Chances are, if you’ve scrolled through your Twitter timeline or tapped through Instagram stories any time over the past couple of months, you’ve encountered words and phrases that would have seemed absurd — if not altogether nonsensical — this time last year.
“Flatten the curve,” “covidiots,” “social distance,” and even “coronageddon,” are all terms that — casually yet suddenly — waltzed into our collective lexicons in recent months as the COVID-19 pandemic took hold of the world. Every day, whether on social media or in person, new phrases are coined and picked up — some promise longevity; others fizzle out rather quickly. How and why does this happen?
Historically, major events have consistently proven to have a significant impact on language evolution. In a written interview with The Varsity, Rena Helms-Park, a professor of linguistics at UTSC and UTSG, explained that new phrases are born during “catastrophic or historically monumental events that befall humanity suddenly and often without preparedness.”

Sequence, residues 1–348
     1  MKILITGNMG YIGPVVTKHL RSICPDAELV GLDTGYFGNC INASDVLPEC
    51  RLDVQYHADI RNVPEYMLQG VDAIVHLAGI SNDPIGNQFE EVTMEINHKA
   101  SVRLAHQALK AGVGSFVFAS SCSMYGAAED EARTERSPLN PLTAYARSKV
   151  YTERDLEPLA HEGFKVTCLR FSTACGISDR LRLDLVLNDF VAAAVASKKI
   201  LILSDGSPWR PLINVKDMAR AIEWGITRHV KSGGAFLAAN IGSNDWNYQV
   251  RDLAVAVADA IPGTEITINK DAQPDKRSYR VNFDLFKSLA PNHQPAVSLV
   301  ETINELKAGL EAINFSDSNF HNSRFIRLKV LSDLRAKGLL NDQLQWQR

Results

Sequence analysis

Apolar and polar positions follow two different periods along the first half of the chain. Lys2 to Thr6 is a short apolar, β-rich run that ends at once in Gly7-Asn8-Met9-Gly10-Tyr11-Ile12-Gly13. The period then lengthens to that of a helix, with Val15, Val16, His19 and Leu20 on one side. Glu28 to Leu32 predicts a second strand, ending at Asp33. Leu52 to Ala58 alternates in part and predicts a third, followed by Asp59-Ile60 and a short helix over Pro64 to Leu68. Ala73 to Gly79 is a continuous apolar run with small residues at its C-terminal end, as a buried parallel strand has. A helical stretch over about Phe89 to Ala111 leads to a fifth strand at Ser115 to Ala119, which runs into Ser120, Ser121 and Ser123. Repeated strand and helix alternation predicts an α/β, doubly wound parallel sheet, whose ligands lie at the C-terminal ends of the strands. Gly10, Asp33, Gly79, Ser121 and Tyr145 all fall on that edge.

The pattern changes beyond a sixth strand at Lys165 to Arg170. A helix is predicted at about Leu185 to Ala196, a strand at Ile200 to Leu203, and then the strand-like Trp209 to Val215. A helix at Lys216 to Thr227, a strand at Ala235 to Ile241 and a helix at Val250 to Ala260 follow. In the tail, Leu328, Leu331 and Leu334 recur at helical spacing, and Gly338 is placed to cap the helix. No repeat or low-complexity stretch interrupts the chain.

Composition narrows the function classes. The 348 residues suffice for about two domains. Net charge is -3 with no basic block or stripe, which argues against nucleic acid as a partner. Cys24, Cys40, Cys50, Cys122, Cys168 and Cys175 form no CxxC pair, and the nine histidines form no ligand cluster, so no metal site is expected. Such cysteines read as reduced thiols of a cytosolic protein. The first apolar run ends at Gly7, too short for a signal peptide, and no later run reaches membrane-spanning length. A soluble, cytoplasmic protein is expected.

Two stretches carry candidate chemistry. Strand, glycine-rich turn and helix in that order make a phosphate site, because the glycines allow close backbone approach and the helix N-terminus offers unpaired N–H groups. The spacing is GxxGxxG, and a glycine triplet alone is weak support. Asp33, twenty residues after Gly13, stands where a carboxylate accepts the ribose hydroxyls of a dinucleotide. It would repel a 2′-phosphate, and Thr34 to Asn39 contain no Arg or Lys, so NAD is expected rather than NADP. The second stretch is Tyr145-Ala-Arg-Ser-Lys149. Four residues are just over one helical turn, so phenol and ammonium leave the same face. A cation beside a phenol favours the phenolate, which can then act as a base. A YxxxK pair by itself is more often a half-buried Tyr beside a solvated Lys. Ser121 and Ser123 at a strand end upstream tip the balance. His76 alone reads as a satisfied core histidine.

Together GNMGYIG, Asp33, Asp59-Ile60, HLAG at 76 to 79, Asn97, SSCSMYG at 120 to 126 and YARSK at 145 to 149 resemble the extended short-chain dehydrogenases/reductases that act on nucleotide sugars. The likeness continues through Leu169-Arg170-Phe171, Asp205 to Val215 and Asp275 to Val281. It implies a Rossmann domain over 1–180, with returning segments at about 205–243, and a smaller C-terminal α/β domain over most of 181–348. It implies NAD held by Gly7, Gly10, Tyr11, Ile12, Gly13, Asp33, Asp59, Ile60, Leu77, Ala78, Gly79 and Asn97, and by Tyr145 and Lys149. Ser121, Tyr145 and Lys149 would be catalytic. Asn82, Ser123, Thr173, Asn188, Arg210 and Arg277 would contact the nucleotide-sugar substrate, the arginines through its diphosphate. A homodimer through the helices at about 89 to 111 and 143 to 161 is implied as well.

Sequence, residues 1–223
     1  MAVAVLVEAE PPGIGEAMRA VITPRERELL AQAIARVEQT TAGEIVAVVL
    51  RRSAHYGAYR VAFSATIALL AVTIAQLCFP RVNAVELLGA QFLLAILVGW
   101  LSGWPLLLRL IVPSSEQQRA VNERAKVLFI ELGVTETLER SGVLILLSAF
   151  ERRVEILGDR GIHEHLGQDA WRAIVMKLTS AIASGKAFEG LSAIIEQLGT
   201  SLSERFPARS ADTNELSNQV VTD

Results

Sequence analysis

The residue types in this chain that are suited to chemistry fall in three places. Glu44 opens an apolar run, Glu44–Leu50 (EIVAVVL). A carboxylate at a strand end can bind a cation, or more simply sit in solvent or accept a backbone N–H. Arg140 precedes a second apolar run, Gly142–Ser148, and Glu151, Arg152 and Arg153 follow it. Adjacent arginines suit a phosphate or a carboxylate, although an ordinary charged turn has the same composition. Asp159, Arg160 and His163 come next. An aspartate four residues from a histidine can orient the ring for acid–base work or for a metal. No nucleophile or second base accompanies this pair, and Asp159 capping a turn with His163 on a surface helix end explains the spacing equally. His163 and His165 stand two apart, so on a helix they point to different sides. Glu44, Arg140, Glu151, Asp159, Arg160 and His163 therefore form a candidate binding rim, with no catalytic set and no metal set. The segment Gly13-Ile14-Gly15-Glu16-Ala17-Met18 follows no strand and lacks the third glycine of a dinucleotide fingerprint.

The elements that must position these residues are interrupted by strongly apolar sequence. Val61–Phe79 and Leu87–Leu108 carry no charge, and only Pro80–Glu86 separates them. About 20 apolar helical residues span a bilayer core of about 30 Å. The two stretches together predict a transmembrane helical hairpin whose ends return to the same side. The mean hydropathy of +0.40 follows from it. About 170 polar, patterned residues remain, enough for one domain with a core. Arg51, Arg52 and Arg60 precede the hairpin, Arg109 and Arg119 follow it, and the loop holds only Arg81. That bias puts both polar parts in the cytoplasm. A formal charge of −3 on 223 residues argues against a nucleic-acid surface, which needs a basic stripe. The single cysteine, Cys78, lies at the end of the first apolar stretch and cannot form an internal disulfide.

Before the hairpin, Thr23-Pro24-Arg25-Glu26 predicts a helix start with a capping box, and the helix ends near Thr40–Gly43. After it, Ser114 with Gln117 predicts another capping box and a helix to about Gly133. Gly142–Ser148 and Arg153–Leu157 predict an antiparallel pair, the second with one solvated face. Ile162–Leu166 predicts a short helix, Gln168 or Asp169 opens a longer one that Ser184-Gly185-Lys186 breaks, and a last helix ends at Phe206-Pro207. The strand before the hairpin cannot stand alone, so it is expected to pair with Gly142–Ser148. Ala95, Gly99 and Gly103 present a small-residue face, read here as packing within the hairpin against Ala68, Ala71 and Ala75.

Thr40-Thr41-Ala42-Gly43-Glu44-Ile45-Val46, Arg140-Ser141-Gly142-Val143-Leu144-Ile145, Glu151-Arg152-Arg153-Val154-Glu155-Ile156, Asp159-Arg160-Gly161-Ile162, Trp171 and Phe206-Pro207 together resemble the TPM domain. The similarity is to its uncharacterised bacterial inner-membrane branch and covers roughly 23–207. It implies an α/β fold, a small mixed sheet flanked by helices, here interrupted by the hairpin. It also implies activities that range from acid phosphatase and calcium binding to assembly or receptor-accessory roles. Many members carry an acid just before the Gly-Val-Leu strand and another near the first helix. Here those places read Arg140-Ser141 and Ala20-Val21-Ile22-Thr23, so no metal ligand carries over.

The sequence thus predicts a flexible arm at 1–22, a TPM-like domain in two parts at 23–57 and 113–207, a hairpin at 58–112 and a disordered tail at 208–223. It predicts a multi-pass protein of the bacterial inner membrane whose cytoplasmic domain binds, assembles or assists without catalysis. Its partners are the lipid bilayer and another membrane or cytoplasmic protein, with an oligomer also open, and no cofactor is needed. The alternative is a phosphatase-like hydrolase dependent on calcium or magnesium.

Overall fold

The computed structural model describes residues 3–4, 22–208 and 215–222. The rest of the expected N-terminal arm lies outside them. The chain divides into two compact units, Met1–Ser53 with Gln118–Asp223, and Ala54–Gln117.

The Great Depression, the world wars, and even Brexit a couple of years ago all introduced new words into our lexicons. This was largely due to the fact that people were coming together in celebration or in protest of these events, effectively generating a positive environment for language growth.
“The colloquialisms that mushroom around the event form a lexical pool from which communities select items to find ways of bonding and creating modes of quick communications about urgent issues that have left the world in a state of flux,” Helms-Park explained.